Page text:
Thursday, November 3, 2005
Former Hood River resident Robert Munnell Cornelison died Saturday, Aug. 27, 2005, at the Hospice of the Valley in Mesa, Ariz.
Bob was born Nov. 13, 1917, to Bernard Soule and Hannah Leah (Taylor) Cornelison near Wendell, Idaho. He graduated from Wendell High School in 1936 and continued on to college, finally earning his degree from Central Washington College of Education in 1952.
Bob met Juanita McCracken in Ridgefield, Wash., where she was a nurse at a local doctor’s office. They were married on Oct. 5, 1943. Bob and Juanita lived in five states and had five children in their 54 years of marriage. He worked in many fields: hardware, teaching, electrical engineering, insurance and plumbing.
Bob is best remembered for taking time to brighten the day of everyone he came into contact with. He had a great sense of humor and a generous heart. He passed his love of family on to his children and grandchildren. All knew they were the most special person to their dad, granddad or great-granddad.
Bob is predeceased by his wife, Juanita; parents; brother, Howard; sisters Miriam Foster and Bernice Lowry; and great-granddaughter, Delaney Gardine.
He is survived by his sister, Kathryn Hansen of Albuquerque, N.M.; second wife, Dorothy, of Sun Lakes, Ariz.; and children Karla Binder of Murrieta, Calif., Beth Borgeson of Brooklyn Park, Minn., Jane VanBrunt of White Bear, Minn., Trudy Koszarek of Valdez, Alaska, and Mac Cornelison of Hood River; 10 grandchildren and nine great-grandchildren.
Graveside services will be on Oct. 8, 2005, in Winlock, Wash., where he will be laid to rest with his wife, Juanita, and his parents.
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Parkdale third graders sing "12 Disaster Days of Christmas"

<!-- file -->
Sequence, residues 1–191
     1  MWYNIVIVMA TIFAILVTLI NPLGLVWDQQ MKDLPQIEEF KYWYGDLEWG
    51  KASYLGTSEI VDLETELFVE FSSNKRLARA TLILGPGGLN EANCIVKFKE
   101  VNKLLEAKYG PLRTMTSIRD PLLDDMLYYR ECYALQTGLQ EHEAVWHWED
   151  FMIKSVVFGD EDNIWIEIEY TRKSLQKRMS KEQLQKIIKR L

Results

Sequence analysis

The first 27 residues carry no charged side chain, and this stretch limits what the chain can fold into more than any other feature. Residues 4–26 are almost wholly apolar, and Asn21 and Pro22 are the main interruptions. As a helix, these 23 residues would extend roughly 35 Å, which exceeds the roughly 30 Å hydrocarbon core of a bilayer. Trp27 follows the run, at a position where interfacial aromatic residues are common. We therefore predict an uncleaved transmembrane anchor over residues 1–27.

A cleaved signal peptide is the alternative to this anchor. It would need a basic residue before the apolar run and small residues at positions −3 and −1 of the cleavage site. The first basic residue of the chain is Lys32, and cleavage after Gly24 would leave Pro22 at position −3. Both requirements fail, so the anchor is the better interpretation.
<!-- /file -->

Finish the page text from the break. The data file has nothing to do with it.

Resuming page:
Welcome to your sing-able Christmas gift list. What follows is an emergency rendition of “12 Days of Christmas” – for outfitting your home or car in case of snow storm, earthquake, flood or other emergency. Read it as a simple list, or sing it to the tune of “12 Days” – you know, as in “ … and a partridge in a pear tree…” Not to make light of it, but the song is a familiar framework for a set of gift ideas that you could consider gathering together, even if the recipient already owns items such as a bunch of coats, tire chains and flashlights. Stores throughout the Gorge are stocked up on all these items. Buying all 12 days might be prohibitive, but here are three ideas for checking any of the dozen off your list (notations follow, 1-12.) The gift items needed to stay warm, dry and safe are also coded to suggest items in your abode (A) in your car (C) or both (B). 12 Gallons of Water (A) 11 Family meals (B) 10 Cans of propane (A) 9 Hygiene bags (B) 8 Packs of batteries (A) 7 Spare coats (B) 6 Bright red flares (C) 5 Cozy blankets (B) 4 Tire chains (C) 3 Flashlights (B) 2 cell phone chargers (B) 1 And a crush-proof first aid kit (B) Price ranges? Here’s a few quotes for days Three, Two, Four and Nine: n A family gift of flashlights (three will run $15-30, Hood River Supply, Tum-A-Lum) n Cell phone chargers (two will run $30-60) n Tire chains (basic set, $30, Les Schwab, returnable if unused for the winter) n Family meals ($100 or so should cover the basics for three or four reasonably well-fed days) n The home kit should be kept in a handy place near an exit, and remember that water needs to be replenished every few months. If you have a solid first aid kit already, switch out the gift idea with “and-a-sto-o-u-t- tub-for it-all …” Otherwise, it’s a case of assembling your home or car kits and making sure all members of the family know what the resources are and how to use them (ie flares and propane). Emergency situations are at worst life-threatening, at best deeply uncomfortable if you and your family are left without power for an extended period, or traveling and find yourself in a situation where you need to wait out a storm, lengthy traffic delay, or other crisis. Notes on the 12 gift ideas: 12 – Gallons of water: that’s one per person in a four-member family to last for three days, the recommended minimum to be prepared for utility outages. 11 – Easy-open packaged goods, energy bars, dried food and nuts are good things to include for nutrition. Think of what your family of four needs for three days to stay fortified and hydrated (see number 12). Can-opener also recommended 10 – If you have a propane camping stove, keep extra fuel handy. 9 – Hygiene bags: put packaged moistened towelettes, toilet paper, and plastic ties in large garbage bags (for personal sanitation) Resource list courtesy of Hood River County Emergency Management, Barbara Ayers, manager/ 541-386-1213. The county also reminds residents to Get a Kit, Make A Plan to connect your family if separated, and Stay Informed. See www.co.hood-river.or.us to opt-in for citizen alerts. Enlarge